Coaching to Overcome Stubborness
When it comes to life coaching, each client truly has their own personality – and that personality can come out for better and worse. Self-motivation, perseverance, and tenacity are the traits we all admire and try to find in our clients – but others, like stubbornness can serve as our (and our clients’) nemesis, agrees The Life Coaching Academy
Stubbornness can rear its head in a variety of ways when coaching clients, but one of the most common times to make an appearance tends to happen when our clients are experiencing dissonance.
It’s quite common for people to get a bit defensive when questioned as to the effectiveness of something they are currently doing, or to be challenged to do something differently. It’s always easier to excuse or blame than it is to fix.
For example, that shocked reaction you get when you start working with a client who wants to improve their closeness with their husband. Their startled discovery that we focus the coaching session on not changing the husband, but changing the way that the client communicates and interacts with her husband.
Perhaps in this instance, the coaching client will lay down stubbornness as a way of hiding her own misgivings or as a way of protecting herself from admitting to her personal flaws?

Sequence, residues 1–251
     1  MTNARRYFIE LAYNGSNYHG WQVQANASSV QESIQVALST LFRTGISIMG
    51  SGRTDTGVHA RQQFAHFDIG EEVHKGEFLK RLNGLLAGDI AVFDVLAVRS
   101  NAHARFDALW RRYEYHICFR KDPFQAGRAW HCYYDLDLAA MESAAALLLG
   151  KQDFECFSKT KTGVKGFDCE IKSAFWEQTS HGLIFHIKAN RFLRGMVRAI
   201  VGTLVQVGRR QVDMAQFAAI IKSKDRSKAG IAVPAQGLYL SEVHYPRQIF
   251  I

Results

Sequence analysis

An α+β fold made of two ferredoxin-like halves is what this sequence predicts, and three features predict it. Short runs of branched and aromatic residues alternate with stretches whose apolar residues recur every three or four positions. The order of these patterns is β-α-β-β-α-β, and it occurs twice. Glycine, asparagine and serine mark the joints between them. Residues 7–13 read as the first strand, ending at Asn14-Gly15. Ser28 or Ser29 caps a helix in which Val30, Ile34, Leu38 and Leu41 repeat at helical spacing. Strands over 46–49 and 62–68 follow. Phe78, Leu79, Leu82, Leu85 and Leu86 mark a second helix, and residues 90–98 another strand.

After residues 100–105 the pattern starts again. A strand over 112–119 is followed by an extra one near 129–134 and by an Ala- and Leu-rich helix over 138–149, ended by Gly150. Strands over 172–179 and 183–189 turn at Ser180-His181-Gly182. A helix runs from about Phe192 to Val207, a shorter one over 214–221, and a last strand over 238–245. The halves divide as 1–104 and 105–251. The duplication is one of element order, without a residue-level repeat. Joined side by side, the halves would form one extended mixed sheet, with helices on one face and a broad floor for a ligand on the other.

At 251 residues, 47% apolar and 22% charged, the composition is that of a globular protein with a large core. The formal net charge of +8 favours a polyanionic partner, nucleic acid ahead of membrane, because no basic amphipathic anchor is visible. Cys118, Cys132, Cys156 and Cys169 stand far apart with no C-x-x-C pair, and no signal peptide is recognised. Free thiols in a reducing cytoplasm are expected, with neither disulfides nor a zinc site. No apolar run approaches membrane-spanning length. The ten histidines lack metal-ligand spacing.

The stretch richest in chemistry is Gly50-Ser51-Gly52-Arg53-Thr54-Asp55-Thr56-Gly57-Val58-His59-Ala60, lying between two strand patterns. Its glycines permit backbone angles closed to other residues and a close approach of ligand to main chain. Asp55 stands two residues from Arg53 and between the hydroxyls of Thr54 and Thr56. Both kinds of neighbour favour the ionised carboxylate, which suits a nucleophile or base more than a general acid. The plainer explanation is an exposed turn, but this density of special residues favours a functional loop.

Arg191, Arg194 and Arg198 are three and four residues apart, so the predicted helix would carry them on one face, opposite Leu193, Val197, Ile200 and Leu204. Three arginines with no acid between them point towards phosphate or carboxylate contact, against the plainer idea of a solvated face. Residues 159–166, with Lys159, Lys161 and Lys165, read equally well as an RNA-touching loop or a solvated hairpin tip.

This stubbornness to change habits and admit that, perhaps, our current ways are not perfect holds back the progress of our clients (and ourselves as coaches). So how do you help your client to overcome stubbornness and grow and succeed?
There are several techniques that you might consider.
For starters, have your client write down the scenario, and then write their current response – sometimes putting things on paper helps the client to disassociate enough to see the picture more realistically.
Try to engage your client in scenario-based role play in which you use a trigger word or noise to acknowledge when a point of stubbornness occurs – a buzzer, whistle, or keys jingling often work perfectly. Anything that will break the state and help the coaching client to have more awareness of their stubborn streak. This awareness is the first critical component in overcoming stubbornness.
Another thing you might try is planned responses. Work with your coaching client to identify the scenarios in which their stubbornness might appear and plan ahead to find ways that they could respond differently. By having a planned response, the coaching client is less likely to engage in stubborn behaviors and will instead promote positive progress and relationships.
In extreme situations, try calling it. Ask your coaching client, ‘How is refusing to do this serving you in the long term?’. ‘How does this approach impact on your relationships with others’. ‘What’s the real issue here, why are you resisting?’
We’d love to hear your real life examples of helping clients (or perhaps yourself) to overcome stubbornness. What has and hasn’t worked for you, or what advice would you give other coaches on this topic?